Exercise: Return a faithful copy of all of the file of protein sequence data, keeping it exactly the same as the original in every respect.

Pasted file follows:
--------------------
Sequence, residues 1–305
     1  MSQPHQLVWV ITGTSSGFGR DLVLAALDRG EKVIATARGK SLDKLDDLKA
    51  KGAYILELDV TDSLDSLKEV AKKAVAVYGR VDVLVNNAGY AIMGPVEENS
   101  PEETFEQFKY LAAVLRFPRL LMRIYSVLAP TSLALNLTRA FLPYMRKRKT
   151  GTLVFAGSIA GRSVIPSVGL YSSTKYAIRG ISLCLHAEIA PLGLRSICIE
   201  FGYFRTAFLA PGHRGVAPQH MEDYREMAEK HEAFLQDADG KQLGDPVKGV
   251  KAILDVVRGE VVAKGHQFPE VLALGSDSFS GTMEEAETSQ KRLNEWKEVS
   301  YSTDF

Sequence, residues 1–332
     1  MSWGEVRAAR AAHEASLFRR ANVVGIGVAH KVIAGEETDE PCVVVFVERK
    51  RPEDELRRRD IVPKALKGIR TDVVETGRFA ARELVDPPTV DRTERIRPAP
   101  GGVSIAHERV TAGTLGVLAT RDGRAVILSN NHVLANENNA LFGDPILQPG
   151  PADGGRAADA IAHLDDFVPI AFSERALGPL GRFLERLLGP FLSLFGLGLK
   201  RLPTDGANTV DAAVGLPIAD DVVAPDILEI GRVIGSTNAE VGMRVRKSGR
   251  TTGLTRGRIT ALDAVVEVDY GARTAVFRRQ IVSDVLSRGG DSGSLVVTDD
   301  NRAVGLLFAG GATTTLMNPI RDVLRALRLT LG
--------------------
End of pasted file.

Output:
Sequence, residues 1–305
     1  MSQPHQLVWV ITGTSSGFGR DLVLAALDRG EKVIATARGK SLDKLDDLKA
    51  KGAYILELDV TDSLDSLKEV AKKAVAVYGR VDVLVNNAGY AIMGPVEENS
   101  PEETFEQFKY LAAVLRFPRL LMRIYSVLAP TSLALNLTRA FLPYMRKRKT
   151  GTLVFAGSIA GRSVIPSVGL YSSTKYAIRG ISLCLHAEIA PLGLRSICIE
   201  FGYFRTAFLA PGHRGVAPQH MEDYREMAEK HEAFLQDADG KQLGDPVKGV
   251  KAILDVVRGE VVAKGHQFPE VLALGSDSFS GTMEEAETSQ KRLNEWKEVS
   301  YSTDF

Sequence, residues 1–332
     1  MSWGEVRAAR AAHEASLFRR ANVVGIGVAH KVIAGEETDE PCVVVFVERK
    51  RPEDELRRRD IVPKALKGIR TDVVETGRFA ARELVDPPTV DRTERIRPAP
   101  GGVSIAHERV TAGTLGVLAT RDGRAVILSN NHVLANENNA LFGDPILQPG
   151  PADGGRAADA IAHLDDFVPI AFSERALGPL GRFLERLLGP FLSLFGLGLK
   201  RLPTDGANTV DAAVGLPIAD DVVAPDILEI GRVIGSTNAE VGMRVRKSGR
   251  TTGLTRGRIT ALDAVVEVDY GARTAVFRRQ IVSDVLSRGG DSGSLVVTDD
   301  NRAVGLLFAG GATTTLMNPI RDVLRALRLT LG